SK Hynix SC308 SSD Review

SK Hynix's new mainstream consumer SSD began popping up for sale last month, but it has been shipping for some time inside big box store notebooks. The SC308 comes to market in 2.5-inch and M.2 2280 single-sided SATA form factors, but the flash is the most interesting feature. The SC308 comes with high-performance multi-level cell (MLC) NAND, but it sells at TLC prices.

Consumer SSDs have been in a funk for nearly a year. I'm not talking about the soaring prices due to the NAND shortage, or the current crop of DRAM-less models that perform like 10-year old SSDs. I'm referring to the three-bit per cell (TLC) NAND that neuters performance. That’s disappointing for a technology built from the ground up to go fast. For the most part, TLC took the steam out of the locomotive that was high-performance SATA. You can still find high-performance SSDs, but only if you break the piggy bank.

NVMe has a firm grip on the performance market, but not everyone has a computer that supports the speedy protocol. There is still a market for SATA MLC SSDs, but it's shrinking with every new PC purchase. That doesn't mean anything if you’re on the SATA side of the fence and need a quality upgrade at a reasonable price.

SK Hynix hit the middle ground with the SC308 MLC-based SSD. Unlike the new TLC products, the SSD doesn't feature an SLC buffer to increase burst performance. The dual-core controller does deliver high endurance levels and consistent performance. That's useful for light workstation use, and occasionally professional software. In some ways, SK Hynix's SC308 targets the Samsung 850 Pro. That's both good and bad. The 850 Pro is a very good SSD for heavy workloads, but the 850 EVO overshadows it in desktop use. The SC308 has the same issue. A new NVMe SSD better services those heavy workloads, but not everyone has the extensive list of components to run the new storage protocol. That's the market for the new SK Hynix SC308.

Specifications

The SK Hynix SC308 comes to market in only three capacities that range from 128GB to 512GB. The series ships in two form factors like many of the mainstream SSD offerings from the fab companies (Intel, Micron, Samsung, Toshiba, SanDisk, and SK Hynix). SK Hynix sells the SSDs in both common form factors to increase sales to OEMs.

The SC308 uses the same controller we found in the SL308. SK Hynix purchased Link_A_Media Devices (LAMD), a controller design house, and continued to build on the original designs. The acquisition gave SK Hynix direct control over all of the major components used to manufacture an SSD; namely, the controller, NAND, and DRAM. Currently, SK Hynix is the only SSD manufacturer besides Samsung that manufactures all of the key components, but Micron will soon join the exclusive club after purchasing Tidal in 2015. We've already mentioned the MLC flash in the introduction. It's a welcome sight after testing SATA-based TLC SSDs almost exclusively in 2016.

The controller appears to be the weak link. Many of the performance traits we found in the original LAMD SSDs have resurfaced with the newer SK Hynix consumer SATA SSDs. The SL308 uses the same SH87820BB controller as the SC308 we're testing. It had a weakness during mixed workloads, so we expect to see the same trend in our testing.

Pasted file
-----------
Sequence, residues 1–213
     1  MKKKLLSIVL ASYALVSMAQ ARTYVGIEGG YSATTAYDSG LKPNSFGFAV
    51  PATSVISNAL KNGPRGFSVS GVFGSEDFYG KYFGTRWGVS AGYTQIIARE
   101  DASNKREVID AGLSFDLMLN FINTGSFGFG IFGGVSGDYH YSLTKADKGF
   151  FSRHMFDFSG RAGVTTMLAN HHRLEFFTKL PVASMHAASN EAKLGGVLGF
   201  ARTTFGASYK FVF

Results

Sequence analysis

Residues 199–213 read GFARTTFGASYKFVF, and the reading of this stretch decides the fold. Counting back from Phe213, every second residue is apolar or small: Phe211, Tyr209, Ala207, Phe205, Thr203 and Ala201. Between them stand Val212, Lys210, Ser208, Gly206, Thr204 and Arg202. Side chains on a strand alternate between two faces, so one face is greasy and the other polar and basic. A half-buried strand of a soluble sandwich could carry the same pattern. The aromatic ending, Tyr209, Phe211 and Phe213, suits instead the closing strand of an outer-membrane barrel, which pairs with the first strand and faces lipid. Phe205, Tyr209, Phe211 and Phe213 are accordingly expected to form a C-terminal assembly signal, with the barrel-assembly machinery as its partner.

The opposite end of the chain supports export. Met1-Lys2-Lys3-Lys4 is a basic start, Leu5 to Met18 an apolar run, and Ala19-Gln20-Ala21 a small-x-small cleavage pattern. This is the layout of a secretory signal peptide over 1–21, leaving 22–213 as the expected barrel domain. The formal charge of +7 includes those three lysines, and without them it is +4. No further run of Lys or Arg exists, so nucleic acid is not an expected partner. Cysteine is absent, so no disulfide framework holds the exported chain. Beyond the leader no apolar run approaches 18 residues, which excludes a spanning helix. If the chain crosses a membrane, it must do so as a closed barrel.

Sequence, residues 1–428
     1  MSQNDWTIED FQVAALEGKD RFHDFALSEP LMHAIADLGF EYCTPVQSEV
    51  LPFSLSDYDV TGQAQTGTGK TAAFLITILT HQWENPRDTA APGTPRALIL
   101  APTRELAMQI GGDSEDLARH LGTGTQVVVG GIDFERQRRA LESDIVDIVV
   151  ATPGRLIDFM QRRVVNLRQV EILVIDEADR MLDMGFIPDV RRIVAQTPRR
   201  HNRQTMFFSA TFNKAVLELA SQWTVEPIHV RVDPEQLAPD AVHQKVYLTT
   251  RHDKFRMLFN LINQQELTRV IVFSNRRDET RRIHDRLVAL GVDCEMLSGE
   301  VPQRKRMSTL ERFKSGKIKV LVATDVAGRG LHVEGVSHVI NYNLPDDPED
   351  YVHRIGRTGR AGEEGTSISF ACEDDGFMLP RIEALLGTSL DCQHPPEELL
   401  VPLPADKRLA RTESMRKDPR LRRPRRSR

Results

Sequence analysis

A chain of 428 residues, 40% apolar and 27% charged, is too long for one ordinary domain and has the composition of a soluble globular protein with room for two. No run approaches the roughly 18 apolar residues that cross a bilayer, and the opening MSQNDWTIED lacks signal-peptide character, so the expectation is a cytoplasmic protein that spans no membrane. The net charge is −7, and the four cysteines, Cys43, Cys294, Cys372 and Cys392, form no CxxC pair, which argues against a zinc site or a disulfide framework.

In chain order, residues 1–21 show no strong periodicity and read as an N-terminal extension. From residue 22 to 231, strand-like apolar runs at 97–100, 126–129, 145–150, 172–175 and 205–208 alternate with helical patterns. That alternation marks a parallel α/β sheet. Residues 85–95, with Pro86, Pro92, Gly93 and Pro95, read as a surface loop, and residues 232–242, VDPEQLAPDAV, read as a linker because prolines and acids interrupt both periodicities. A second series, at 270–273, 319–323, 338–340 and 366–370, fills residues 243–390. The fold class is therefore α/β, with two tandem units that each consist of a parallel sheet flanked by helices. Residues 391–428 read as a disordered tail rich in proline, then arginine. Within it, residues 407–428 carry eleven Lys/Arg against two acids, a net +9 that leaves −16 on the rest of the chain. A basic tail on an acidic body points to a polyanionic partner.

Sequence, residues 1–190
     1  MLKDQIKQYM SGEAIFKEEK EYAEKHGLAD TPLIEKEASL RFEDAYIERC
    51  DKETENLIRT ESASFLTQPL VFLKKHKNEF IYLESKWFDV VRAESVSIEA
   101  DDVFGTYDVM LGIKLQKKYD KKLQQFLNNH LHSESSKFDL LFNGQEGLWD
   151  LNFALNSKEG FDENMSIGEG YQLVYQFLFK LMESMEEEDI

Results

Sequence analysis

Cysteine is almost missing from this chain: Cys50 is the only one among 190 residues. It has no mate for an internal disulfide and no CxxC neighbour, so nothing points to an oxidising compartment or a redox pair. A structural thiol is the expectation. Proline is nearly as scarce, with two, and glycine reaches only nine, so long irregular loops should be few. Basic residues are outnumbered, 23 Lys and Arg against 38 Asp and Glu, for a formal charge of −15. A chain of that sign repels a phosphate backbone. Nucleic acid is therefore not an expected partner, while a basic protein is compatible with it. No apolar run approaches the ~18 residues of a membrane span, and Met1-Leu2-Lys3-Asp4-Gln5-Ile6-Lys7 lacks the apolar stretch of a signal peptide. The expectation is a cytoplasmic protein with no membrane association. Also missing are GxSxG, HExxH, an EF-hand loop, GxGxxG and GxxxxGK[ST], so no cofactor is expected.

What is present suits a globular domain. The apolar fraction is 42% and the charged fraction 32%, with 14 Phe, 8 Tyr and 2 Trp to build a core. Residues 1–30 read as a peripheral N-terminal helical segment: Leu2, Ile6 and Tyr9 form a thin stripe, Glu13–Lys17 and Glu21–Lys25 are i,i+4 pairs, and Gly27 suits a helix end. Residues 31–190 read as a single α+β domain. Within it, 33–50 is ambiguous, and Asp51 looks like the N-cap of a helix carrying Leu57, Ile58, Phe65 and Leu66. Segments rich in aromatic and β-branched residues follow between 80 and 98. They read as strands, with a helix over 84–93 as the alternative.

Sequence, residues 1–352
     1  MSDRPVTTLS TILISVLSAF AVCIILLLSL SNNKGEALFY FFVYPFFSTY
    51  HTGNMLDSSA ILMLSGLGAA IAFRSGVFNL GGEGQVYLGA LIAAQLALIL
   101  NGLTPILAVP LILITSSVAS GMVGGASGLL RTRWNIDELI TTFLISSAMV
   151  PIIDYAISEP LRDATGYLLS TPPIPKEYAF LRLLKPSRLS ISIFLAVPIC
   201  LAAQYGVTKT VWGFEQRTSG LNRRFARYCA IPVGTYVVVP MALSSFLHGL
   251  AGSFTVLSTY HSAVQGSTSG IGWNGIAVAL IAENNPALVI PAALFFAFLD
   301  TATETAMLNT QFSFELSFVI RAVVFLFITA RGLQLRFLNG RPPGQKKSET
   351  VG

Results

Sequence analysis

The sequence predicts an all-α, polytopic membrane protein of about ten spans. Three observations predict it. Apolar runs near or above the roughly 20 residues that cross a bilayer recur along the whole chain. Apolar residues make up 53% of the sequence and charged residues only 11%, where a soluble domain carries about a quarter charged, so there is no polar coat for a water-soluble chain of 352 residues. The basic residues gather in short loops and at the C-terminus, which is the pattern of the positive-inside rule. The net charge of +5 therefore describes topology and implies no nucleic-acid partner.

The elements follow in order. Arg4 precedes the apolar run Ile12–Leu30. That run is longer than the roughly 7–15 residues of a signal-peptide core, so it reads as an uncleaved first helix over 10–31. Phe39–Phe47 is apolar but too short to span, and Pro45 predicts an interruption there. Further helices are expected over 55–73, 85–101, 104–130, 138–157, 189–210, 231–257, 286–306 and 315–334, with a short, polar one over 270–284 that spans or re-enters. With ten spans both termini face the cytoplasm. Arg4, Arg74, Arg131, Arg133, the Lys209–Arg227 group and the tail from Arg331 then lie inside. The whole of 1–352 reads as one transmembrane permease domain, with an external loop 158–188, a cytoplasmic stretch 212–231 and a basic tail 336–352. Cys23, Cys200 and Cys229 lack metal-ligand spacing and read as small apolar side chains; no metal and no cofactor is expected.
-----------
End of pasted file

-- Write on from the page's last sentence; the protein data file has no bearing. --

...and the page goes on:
The SC308's performance varies between the three capacities. All three carry the same sequential read rating of 540 MB/s, but the sequential write performance starts at 130 MB/s for the 128GB and peaks at 460 MB/s for the 512GB model. Random performance spans between 90,000 and 95,000 read IOPS and 30,000 to 85,000 write IOPS (with a stop at 60,000 write IOPS for the 256GB model).

Pricing & Accessories

Our SK Hynix SC308 SSDs arrived well before retail availability, so we don't have packaging or extensive pricing information. Tiger Direct lists the SC308 512GB as "coming soon" with a $168.99 price tag. There are a few eBay sellers with drives from system pulls, but prices vary.

The retail products don't ship with any accessories to speak of, but SK Hynix's SSD software management tools work right out of the box.

Warranty & Endurance

The SC series carries a three-year limited warranty.

A Closer Look

SK Hynix sent us M.2 SC308's with 256GB and 512GB capacities. M.2 SATA SSDs have keys for both the M and B section. They work in most M.2 slots unless the slot is designated as PCIe-only. Many notebooks and desktop motherboards feature dual-purpose M.2 slots that accept both AHCI SATA and PCIe NVMe SSDs.

The SK Hynix SH87820BB controller is very similar to the original Link_A_Media design. The company has improved on the design over the years by adding support for the latest flash and other features, but we still observe some of the odd behavior that we found several years ago.

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  • eyupo92
    The interface/protocol entry 'NVMe 1.2' on the specifications table is wrong - I have testing 128 GB 2.5" and 256 GB m.2 versions, and they are SATA 6 Gbps. In the article you are already mentioning it as SATA, so fixing the table would solve this small issue.
  • mapesdhs
    $130 for the MX300? I wish; it's more like $195 equivalent here (UK). Strangely, the disparity vs. the 850 EVO is less severe, it's priced the same as the MX300, with the SL308 a bit below that. No sign yet of the SC308 from normal sources.
  • alextheblue